Posted by: Joan Marsh on November 8, 2011 at 10:54 am
Media Access Project, or MAP, fashions itself a “non-profit law firm and advocacy organization” that works on behalf of the public “to promote freedom of expression.” Indeed, one of MAP’s primary objectives is to protect the public’s First Amendment rights by ensuring “universal and equitable access to media outlets.”
But apparently those rights extend only to speakers with whom MAP agrees.
In yet another ironic twist in a deal that has been rife with them, MAP has now sent a letter to local broadcast station WUSA-9 to ask the station to “cease running commercials sponsored by AT&T relating to its proposed acquisition of T-Mobile.” In short, MAP takes issue with the content of our ads, so they are asking a local broadcaster to censor them.
Posted by: Joan Marsh on October 27, 2011 at 12:43 pm
Yesterday, we were the recipient of another Public Knowledge nasty-gram. You know the drill. PK latches onto some straight-forward fact, misrepresents it to some extreme and lashes out with a press release or blog containing reckless and unfounded allegations.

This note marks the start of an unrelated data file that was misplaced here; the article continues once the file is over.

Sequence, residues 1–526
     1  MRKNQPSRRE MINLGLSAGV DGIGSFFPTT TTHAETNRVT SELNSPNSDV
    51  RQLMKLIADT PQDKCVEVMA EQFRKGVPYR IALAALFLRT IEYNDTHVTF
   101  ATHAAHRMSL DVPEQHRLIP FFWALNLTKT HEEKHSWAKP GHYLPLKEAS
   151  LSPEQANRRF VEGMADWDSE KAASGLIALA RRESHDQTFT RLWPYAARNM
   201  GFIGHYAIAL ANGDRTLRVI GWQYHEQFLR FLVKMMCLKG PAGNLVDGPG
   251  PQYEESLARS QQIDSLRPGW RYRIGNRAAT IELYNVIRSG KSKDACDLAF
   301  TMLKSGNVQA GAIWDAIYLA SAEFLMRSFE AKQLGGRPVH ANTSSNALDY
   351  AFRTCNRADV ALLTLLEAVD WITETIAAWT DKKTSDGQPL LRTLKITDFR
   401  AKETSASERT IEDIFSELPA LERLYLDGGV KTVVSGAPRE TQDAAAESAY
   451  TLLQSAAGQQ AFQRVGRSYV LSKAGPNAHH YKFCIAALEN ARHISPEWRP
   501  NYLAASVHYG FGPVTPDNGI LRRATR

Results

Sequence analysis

In this case, Public Knowledge is spinning AT&T’s attempt to sell its WCS C and D block spectrum licenses, which PK alleged was hypocritical and borderline sinister. Let’s take a moment to reflect on the irony of this allegation. PK has for months accused us of hoarding spectrum, and now they are indignant and outraged that we are trying to . . . (dramatic pause, insert snippet from Psycho soundtrack) . . . sell spectrum. Even inside the beltway, that dog don’t woof.
But more disturbing is how the allegation lays bare just how unknowledgeable Public Knowledge is about spectrum and wireless network deployments – that and how willing it is to mislead. Let’s consider some basic facts about the WCS C and D blocks (which you won’t find in PK’s press release).